HISTORY OF THE ADIDAS GAZELLE
During the early 1900s, athletics and sports were steadily on the rise and Adolf ‘Adi’ Dassler realized there was an opportunity within the footwear industry that is currently being unfulfilled. In a small town in Germany, Adolf began working in his mother’s laundry room and started making sneakers that could withstand the constant wear and tear of an athlete. He soon recruited help from his brother, Rudolf, and after World War 1 the duo official launched, ‘Dassler Brothers Shoe Factory.’ In 1924 when they originally opened their business, they started to see traction but they wanted more and pursued a bigger aspiration. So in 1936, they pleaded with U.S. sprinter Jesse Owens to wear a pair of their shoes during the Summer Olympics. It was this decision that made their brand a worldwide phenomenon as Owens took home four Olympic gold medals that season. As they rose in fame, their personal relationship started to tremble eventually leading to their official separation in 1947. Rudolf would then later create Puma and Adolf ‘Adi’ Dassler would transform the current state of Dassler Brothers Shoe Factory into what we know today as Adidas. To learn more about the upbringing of Adidas, click here to read The History of The Three-Stripes editorial.
When Adidas officially became its own entity, it was difficult to gain footing as they were initially known by another name. After continuously competing against his brother, Adi would then obtain the iconic 3 stripe logo and showcase it to the world during the 1952 Summer Olympics. This was immensely memorable and gave Adidas a headstart within the footwear community. Since then, Adidas has continued to rise within the ranks and showcase classic shoes that are now a part of many closets to this day. One of these silhouettes is known as the Adidas Gazelle; initially made for the track, the sneaker has evolved into a lifestyle silhouette that can be worn in a variety of settings. Making its debut in 1966, the Gazelle evolved throughout the sports realm. Initially made for running, Adidas titled the sneaker after the animal as the gazelle is best known for its long strides.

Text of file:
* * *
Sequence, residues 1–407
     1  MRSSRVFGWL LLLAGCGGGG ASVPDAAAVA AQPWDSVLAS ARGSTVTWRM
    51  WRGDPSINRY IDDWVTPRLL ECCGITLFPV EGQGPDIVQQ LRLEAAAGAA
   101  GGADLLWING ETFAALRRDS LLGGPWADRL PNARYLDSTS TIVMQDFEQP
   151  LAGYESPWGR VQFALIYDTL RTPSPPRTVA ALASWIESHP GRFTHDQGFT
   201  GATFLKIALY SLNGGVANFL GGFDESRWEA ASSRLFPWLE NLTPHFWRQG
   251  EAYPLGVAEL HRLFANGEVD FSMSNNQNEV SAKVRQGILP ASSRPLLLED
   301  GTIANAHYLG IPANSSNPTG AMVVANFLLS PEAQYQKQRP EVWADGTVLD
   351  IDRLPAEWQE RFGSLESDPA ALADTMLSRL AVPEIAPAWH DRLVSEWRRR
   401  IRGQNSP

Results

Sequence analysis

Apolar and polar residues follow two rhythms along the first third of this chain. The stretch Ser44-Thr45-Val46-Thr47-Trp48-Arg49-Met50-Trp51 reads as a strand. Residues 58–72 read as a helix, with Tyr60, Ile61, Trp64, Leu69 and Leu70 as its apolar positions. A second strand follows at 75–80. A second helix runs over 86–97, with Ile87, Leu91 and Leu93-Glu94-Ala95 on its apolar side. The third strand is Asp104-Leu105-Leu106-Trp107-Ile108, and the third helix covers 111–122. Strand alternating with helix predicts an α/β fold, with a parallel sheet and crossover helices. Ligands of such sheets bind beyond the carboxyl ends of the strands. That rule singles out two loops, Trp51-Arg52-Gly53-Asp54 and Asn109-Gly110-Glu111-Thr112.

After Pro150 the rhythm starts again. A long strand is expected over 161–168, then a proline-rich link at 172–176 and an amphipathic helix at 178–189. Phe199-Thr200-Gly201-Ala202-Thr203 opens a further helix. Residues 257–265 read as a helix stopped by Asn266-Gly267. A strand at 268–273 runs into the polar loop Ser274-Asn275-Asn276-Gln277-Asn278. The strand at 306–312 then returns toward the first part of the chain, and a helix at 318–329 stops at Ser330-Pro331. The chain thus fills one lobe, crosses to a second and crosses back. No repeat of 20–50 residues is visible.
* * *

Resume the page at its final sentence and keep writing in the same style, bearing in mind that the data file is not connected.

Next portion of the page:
During this time the sneaker stood out completely as it was the first Adidas sneaker to be made from suede in comparison to the traditional leather counterparts. Many adored this transformation as it made sneakers lightweight without compromising on protection. In addition to the unique upper, the outsole introduced new possibilities of comfort. The original blue version introduced pocket air bubbles within the grooves for a responsive experience during indoor games while the red variant highlighted a non-slip sole for optimal traction on a variety of terrains. By the 70s, the sneaker once again evolved into becoming a go-to athleisure and casual silhouette. The iconic shoe would become heavily worn within Europe and by the 90s, many of the most notable names within the UK could be seen wearing the silhouette; Oasis, Robbie Williams, and the Spice Girls just to name a few.
The Gazelle would continue to prevail but it wasn’t until 2016 when its traction skyrocketed once again as Adidas re-incarnated the 1991 version. This evoked a sense of nostalgia for many as it was an iconic culture piece during that time. This reintroduction reminded those of their childhood as Adidas re-introduced the classic colorways for a limited time. Fast-forwarding to the present day, the Gazelle is still highly regarded as even more notable names can be seen sporting the shoe. G-Eazy, Kanye West, Nick Young, and Rita Ora can be seen casually wearing the staple design. Adidas Originals also continuously introduces upcoming colorways and collaborations of the famed sneaker. Some of the previous partnerships include Neighborhood, Slam Jam, United Arrows, Noah, and even the Star Wars franchise. The style has withstood the trials of fashion and has become a staple design within many collectors’ lineups.
To grab a closer look at the most recent colorways of the signature shoe, click here.